01. 07.21 Daily UKPSC Current Affairs




Black-bellied Coral Snakes in the Forests of Uttarakhand


Indian researchers have identified Black-bellied Coral snakes in the forests of Uttarakhand for the first time in history.


♦ The snake is associated with the Elapidae family and Sinomicrurus genus. Its scientic name is S. nigriventer.
♦ The snake was observed in the Bhadraj Block of Benog Wildlife Sanctuary in the Mussoorie Forest Division.
♦ At present, there are 107 species of coral snakes in the world. In India, only 7 coral snake species are found.
♦ As per the report by the Ministry of Health & Family Welfare on the management of snakebite, there are more than 2000 species of snakes in the world.
♦ About 300 of these species are found in India, of which fifty-two are venomous. Venomous snakes of India belong to three families ‘Elapidae’, ‘Viperidae’ and Hydrophidae’ (sea snakes).
♦ All snakes are protected with the aid of the law. Cobra, Rat snakes, and Checkered keelback are included in Schedule II of Wildlife (Protection) Act, 1972, and the relaxation are blanketed via Schedule IV.




Second Biggest Dam of the World – China



The Government of China formally became the first two producing units of the Baihetan Dam, the world’s second-biggest hydroelectric dam, to begin generating energy. The Baihetan Dam is set up in southwestern China on the Jinsha River.

About the dam:

♦ The dam is a 289-meter-tall (954-foot-tall) double-curvature arch dam, having sixteen generating units.

♦ Each unit will generate a potential of 1 million kilowatts, making it the second-largest in dimension after the “Three Gorges Dam” opened in 2003 on the Yangtze, with 22.5 million kilowatts of generating capacity.

♦ Through the Baihetan Dam, the Chinese authorities aim to curb surging fossil gasoline demand through constructing extra hydropower capacity.

♦ Both the dams have been built with the aid of the state-owned Three Gorges Group Corp., the world’s largest hydro, solar, and wind generation investor.





National Doctors Day – 1st July


National Doctors’ Day is designated on 01 July yearly in India with the aid of the Indian Medical Association (IMA). The day is celebrated to honour the exceptional physicians and assist us to apprehend the significance of doctors in our lives and price them, to offer them our respects by commemorating one of their biggest representatives.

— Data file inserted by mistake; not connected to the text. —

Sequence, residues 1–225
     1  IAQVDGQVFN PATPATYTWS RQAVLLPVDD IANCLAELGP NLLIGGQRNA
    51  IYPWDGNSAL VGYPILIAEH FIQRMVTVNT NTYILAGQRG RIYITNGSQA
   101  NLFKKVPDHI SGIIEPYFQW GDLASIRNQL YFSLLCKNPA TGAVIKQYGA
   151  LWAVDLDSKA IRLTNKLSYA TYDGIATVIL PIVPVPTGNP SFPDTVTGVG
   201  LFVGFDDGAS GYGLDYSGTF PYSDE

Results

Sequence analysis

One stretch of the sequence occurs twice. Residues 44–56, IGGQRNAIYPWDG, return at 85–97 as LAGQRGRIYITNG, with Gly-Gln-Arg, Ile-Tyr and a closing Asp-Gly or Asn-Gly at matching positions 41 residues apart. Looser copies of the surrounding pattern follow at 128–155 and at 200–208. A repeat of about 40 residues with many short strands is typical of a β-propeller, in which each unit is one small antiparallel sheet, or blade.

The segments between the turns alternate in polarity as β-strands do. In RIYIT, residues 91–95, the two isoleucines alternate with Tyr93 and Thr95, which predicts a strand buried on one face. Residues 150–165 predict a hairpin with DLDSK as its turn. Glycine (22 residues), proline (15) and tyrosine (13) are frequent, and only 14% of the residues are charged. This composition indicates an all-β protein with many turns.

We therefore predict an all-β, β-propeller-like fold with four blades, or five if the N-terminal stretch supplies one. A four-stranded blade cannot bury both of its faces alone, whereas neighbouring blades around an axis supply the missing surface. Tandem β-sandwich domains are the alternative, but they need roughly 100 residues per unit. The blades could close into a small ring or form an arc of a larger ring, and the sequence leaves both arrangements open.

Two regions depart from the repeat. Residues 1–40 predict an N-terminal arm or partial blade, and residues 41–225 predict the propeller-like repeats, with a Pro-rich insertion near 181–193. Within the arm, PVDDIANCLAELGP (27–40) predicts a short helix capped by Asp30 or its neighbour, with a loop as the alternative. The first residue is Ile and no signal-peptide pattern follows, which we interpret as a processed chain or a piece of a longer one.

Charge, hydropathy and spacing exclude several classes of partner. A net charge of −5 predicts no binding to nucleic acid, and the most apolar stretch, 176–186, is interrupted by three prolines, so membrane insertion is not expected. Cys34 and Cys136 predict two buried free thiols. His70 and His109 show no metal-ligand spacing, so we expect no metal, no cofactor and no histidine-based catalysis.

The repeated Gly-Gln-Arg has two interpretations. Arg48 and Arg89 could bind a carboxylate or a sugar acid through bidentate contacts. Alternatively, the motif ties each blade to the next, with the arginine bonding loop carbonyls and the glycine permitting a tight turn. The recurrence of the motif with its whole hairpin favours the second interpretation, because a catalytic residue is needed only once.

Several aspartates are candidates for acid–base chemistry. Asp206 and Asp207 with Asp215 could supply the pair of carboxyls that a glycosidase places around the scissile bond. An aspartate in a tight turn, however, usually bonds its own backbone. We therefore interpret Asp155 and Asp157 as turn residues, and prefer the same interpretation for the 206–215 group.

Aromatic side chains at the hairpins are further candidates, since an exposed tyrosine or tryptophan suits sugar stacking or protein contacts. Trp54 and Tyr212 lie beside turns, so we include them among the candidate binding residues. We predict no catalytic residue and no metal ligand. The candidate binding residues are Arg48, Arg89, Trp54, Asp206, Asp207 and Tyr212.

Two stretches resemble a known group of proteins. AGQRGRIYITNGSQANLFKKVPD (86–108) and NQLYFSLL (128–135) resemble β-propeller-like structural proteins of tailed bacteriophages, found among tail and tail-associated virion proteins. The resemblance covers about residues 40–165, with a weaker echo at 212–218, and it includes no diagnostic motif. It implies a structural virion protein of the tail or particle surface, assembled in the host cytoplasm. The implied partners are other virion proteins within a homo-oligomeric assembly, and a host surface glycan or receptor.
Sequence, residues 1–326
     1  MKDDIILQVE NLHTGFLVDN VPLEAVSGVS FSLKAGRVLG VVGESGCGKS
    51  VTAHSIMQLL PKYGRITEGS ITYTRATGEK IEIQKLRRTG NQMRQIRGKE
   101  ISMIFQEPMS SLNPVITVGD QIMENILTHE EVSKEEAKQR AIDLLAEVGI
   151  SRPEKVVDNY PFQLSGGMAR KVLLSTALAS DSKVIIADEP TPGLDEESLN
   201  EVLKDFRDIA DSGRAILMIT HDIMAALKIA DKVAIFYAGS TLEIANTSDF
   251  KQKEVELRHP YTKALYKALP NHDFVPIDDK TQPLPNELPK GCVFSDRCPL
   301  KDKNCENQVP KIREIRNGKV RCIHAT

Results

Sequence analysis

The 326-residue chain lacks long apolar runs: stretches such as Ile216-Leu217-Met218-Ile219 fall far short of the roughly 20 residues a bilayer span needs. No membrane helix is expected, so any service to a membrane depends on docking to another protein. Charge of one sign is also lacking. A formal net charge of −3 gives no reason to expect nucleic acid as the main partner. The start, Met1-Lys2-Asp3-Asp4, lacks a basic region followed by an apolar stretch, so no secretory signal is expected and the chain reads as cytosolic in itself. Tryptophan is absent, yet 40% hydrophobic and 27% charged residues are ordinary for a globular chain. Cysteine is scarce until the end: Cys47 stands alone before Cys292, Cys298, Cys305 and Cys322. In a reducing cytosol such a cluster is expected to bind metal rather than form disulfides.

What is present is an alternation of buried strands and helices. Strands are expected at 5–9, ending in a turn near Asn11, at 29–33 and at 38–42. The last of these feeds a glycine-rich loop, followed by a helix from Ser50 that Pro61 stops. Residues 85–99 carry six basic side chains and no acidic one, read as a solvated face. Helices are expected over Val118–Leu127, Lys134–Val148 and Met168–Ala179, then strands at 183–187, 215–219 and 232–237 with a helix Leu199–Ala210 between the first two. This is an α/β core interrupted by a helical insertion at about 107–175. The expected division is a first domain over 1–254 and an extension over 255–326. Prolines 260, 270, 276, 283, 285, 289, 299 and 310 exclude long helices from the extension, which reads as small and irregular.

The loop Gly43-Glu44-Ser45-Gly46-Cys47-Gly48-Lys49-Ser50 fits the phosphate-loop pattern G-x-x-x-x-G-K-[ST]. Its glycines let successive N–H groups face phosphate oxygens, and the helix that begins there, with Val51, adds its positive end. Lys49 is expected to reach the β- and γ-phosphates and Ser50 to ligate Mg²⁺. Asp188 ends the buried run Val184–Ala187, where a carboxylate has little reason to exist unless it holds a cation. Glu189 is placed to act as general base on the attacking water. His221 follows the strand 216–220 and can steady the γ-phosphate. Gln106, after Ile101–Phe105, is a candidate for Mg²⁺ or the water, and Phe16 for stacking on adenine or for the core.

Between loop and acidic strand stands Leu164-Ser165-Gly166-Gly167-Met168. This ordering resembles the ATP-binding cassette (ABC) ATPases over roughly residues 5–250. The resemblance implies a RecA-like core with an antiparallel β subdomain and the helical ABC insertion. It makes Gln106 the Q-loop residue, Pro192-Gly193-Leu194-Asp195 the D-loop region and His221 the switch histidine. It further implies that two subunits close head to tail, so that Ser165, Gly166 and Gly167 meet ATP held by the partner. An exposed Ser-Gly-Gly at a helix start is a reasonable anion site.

History of the day:

The day commemorates the beginning anniversary of the second Chief Minister of West Bengal, Dr Bidhan Chandra Roy who was born on 1st July, 1882, and died on the same date in 1962.



Not-for-Profit Hospital Model in India

A report on India’s non-profit hospital model was published by the NITI Aayog.


♦ The NITI Aayog released a report on the not-for-profit hospital model in an effort to close the information gap on such institutions and facilitate robust policymaking in this area.

♦ The study provides insights into the operating model of non-profit hospitals. It presents research-based findings on such hospitals—categorized by ownership and service premise—and then compares them to private hospitals and Union government health schemes.

♦ The not-for-profit hospital sector provides both curative and preventive care.

♦ It connects healthcare, social reform, community engagement, and education.

♦ It uses government resources and grants to provide low-cost healthcare to people without regard for profit.

♦ The study discussed in detail the cost control strategies implemented by non-profit hospitals.




Enforcing Contracts Portal – Justice Department


Enforcement Contract Portal” was unveild by the Department of Justice.

About the portal:

♦ The website (https://doj.gov.in/eodb/) is intended to be a comprehensive source of information about the legislative and policy reforms being undertaken on the “Enforcing Contracts” parameters.

♦ It contains the most recent information on the operation and disposition of commercial cases in the Dedicated Commercial Courts of Mumbai, Delhi, Bengaluru, and Kolkata
♦ The portal also hosts online reports from all high courts on the commercial court-affiliated mediation and arbitration center to supervise and promote institutional mediation and arbitration through the pre-institutional mediation and settlement (PIMS) of commercial cases.


The Ganga River Basin Glacial Lake Atlas has been Published


Due to growing concerns about the impact of climate change on Himalayan glaciers, the Ministry of Jal Shakti has released an updated Atlas of Glacier Lakes, which are part of the Ganges River Basin.


♦ In the Ganga basin, approximately 4,707 glacial lakes have been mapped.

♦ A similar exercise was carried out for the Indus River basin in December 2020.

♦ The current study used Resourcesat-2 (RS-2) Linear Imaging Self Scanning Sensor-IV (LISS-IV) satellite data to map glacial lakes with a water spread area greater than 0.25 ha.

♦ Glacial lakes are classified into nine types, which are further divided into four categories based on the process of lake formation, location, and type of damming material.

Area covered in the map:

♦ The mapped area extends from the Ganga River’s orgin to the Himalayan foothills, covering a catchment area of 2,47,109 square kilometres.

♦ The study of the Ganges River Basin partially covers India and a part of the transboundary area.

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